Einstein and the Goldfish Bowl
By Ellen Hetland Fenwick
I absorbed Einstein physics very well. I understood the changes. He made significant use of Riemann geometry, in which there are an infinite number of parallel lines through a given point. The geometry is part of the mother’s milk of mathematicians. The equations were relatively simple. I was comfortable and a believer.
There’s Always a String Attached
When string theory came along, I pondered for a while about whether it was worth the time to study it. Mostly it was theory with no data to verify its conjectures. And, of course, there were several string theories to choose from. I said, “Let’s wait until they agree and have some evidence to support the theory”. Meanwhile people adept at Physics are, I assume, staying intellectually and reasonably financially fit in some university teaching/research position until something more fruitful comes along.
Just When You Least Expect It
It seems to have happened. According to Wikipedia, “In theoretical physics, M-theory is an extension of string theory in which 11 dimensions of space-time are identified as seven higher-dimensions plus the four common dimensions (11D st = 7 hd + 4D). Proponents believe that the 11-dimensional theory unites all five 10 dimensional string theories and supersedes them.” Wikipedia further states that “… a full description of the theory is not known …”.
The “four common dimensions” are, of course, space-time: the three usual ones for space and the other one for time—Einstein’s model.
I have yet to look into M-theory. It is a child of string theory, and perhaps will prove fruitful. Meanwhile I muse on Plato’s Allegory of the Cave. He imagined human prisoners chained to a wall looking out at shadows produced by figures behind them that they cannot see. The figures hold up objects that produce these shadows. The prisoners are convinced that the shadows are reality. When one of the chained members escapes and visits the outside world, he then returns to tell his brethren about the real world. They cannot be convinced.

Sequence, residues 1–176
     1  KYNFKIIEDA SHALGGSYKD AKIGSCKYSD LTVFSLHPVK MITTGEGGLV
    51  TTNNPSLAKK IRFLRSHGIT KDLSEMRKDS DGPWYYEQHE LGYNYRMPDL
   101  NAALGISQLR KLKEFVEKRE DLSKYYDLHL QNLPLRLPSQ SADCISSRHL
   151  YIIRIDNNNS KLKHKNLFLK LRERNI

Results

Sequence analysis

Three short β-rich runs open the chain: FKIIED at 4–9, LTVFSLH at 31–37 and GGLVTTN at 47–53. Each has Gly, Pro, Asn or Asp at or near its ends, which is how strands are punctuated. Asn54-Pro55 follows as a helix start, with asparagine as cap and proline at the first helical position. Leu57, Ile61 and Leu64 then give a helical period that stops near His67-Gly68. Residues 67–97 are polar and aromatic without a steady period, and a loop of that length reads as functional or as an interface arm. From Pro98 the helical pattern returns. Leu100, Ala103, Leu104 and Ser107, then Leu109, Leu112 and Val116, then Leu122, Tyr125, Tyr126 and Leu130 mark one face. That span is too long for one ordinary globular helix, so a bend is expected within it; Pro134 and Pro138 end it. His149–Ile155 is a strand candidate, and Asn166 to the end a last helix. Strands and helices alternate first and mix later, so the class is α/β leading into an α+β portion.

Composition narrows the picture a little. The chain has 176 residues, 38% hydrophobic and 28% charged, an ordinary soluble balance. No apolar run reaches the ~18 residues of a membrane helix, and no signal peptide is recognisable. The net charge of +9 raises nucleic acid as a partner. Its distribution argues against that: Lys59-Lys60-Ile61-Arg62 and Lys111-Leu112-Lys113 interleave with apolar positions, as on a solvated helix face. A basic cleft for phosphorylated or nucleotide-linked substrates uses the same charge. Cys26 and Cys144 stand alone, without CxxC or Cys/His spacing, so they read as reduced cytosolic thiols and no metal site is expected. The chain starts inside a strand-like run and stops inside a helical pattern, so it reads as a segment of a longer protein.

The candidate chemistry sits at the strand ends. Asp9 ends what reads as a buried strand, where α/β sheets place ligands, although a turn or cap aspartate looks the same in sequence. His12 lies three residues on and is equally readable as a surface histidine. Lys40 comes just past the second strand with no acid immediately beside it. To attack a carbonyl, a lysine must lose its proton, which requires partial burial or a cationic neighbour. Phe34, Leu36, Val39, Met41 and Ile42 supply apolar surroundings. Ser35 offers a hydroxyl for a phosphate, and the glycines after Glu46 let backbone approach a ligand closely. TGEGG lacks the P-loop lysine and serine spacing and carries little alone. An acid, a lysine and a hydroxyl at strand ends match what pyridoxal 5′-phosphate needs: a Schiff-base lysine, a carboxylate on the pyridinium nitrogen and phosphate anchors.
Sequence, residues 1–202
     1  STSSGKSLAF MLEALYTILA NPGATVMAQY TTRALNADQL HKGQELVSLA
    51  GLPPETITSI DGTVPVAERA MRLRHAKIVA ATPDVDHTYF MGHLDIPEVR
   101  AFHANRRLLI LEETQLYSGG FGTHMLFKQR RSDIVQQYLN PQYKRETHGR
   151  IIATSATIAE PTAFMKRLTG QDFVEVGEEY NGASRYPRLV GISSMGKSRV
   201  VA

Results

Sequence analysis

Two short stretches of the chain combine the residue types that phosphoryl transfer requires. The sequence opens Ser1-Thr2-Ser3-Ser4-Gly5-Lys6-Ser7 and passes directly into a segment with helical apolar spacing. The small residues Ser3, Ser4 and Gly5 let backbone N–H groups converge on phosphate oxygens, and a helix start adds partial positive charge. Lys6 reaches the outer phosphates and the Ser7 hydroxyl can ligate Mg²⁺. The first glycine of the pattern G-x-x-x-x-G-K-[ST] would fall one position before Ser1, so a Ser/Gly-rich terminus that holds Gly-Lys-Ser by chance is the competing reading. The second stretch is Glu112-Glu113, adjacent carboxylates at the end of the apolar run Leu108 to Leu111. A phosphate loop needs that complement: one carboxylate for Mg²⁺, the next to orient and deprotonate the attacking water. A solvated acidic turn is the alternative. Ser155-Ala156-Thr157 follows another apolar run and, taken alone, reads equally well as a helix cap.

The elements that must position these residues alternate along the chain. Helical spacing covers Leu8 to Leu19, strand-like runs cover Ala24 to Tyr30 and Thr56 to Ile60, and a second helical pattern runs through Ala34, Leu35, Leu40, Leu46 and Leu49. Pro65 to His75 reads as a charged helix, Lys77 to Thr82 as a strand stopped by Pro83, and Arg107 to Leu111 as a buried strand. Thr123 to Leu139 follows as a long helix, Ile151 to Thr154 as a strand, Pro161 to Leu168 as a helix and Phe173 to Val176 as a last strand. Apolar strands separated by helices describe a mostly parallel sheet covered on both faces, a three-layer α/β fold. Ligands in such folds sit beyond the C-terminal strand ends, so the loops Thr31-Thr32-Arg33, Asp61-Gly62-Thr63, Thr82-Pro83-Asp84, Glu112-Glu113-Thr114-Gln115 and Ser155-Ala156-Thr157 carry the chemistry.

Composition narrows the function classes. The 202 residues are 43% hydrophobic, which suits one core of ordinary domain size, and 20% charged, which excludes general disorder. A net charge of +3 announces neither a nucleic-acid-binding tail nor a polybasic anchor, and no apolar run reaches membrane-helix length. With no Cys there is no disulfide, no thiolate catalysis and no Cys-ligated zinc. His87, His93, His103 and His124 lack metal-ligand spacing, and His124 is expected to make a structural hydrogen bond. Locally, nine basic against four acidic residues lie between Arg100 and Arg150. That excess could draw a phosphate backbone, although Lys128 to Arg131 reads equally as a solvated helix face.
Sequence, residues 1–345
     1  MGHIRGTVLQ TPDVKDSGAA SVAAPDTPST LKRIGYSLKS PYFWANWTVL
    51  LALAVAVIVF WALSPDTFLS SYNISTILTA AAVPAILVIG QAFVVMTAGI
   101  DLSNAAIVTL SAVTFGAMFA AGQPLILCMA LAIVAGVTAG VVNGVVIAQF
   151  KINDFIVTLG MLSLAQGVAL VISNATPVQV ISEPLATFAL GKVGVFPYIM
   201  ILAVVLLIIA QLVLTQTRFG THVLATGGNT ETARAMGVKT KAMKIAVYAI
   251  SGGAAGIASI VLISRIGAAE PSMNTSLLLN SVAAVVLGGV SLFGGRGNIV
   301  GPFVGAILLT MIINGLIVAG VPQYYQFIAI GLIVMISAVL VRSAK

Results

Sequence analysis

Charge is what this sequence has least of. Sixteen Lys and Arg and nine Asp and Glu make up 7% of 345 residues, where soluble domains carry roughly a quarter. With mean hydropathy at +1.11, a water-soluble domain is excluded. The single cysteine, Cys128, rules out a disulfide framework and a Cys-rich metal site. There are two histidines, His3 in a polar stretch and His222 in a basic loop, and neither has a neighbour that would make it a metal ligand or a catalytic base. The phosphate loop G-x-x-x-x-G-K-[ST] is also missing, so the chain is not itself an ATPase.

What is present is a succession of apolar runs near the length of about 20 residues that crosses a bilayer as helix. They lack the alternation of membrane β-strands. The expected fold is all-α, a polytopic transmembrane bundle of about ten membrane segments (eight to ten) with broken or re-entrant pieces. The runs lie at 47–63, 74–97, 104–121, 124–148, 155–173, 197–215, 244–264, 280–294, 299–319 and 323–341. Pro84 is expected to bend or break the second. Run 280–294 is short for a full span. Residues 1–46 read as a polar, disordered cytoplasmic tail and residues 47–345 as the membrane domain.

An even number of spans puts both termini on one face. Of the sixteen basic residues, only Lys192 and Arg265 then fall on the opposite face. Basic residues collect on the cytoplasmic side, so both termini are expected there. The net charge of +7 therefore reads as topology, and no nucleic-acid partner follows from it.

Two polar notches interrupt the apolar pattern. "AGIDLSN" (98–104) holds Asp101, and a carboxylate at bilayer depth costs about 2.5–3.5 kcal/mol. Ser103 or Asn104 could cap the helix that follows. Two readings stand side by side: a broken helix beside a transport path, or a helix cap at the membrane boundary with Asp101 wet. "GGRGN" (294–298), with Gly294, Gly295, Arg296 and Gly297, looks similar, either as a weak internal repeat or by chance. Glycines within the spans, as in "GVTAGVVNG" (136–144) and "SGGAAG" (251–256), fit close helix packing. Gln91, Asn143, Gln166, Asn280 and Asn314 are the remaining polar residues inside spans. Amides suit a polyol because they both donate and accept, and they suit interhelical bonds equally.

However, Who’s to Say?
Plato’s vision is not one that most of us would accept, but it makes a point, a point that is recapitulated in a new book by Stephen Hawking and Leonard Mlodinow.
“A few years ago the city council of Monza, Italy, barred pet owners from keeping goldfish in curved bowls. The measure’s sponsor explained the measure in part by saying that it is cruel to keep a fish in a bowl with curved sides because, gazing out, the fish would have a distorted view of reality. But how do we know we have the true, undistorted picture of reality?” We can’t.
The goldfish view is not the same as our own, but goldfish could still formulate scientific laws governing the motion of the objects they observe outside their bowl. For example, due to the distortion, a freely moving object would be observed by the goldfish to move along a curved path. Nevertheless, the goldfish could formulate laws from their distorted frame of reference that would always hold true. Their laws would be more complicated than the laws in our frame, but simplicity is a matter of taste.”
We see, as the poet says, through a glass darkly. But we are in our own glass bowl or bowl of some sort. I truly believe that we will have to live with never knowing the true nature of the universe meanwhile building our models of what we think that immensity must be like.
Note: You might also enjoy The Neutron a Stable Particle?
- City University of New York – Lehman College: What is Riemannian Geometry? A description for the nonmathematician
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One thought on “Einstein and the Goldfish Bowl”
Love the goldfish bowl law! I wonder whether they don’t have something else to think about? I enjoyed reading the Plato work many years ago, very good. But the point about distorted reality is important. I seem to remember reading something quite a long time ago about the laws governing our “state” (as in states of being) not being capable of assessing something in a higher state, because the laws of the current state cannot be applied to higher states. It MIGHT be like trying to apply laws of fluid (water) to gases but not sure. Sorry, that’s probably not clear but it’s the closest I can now remember to what I read.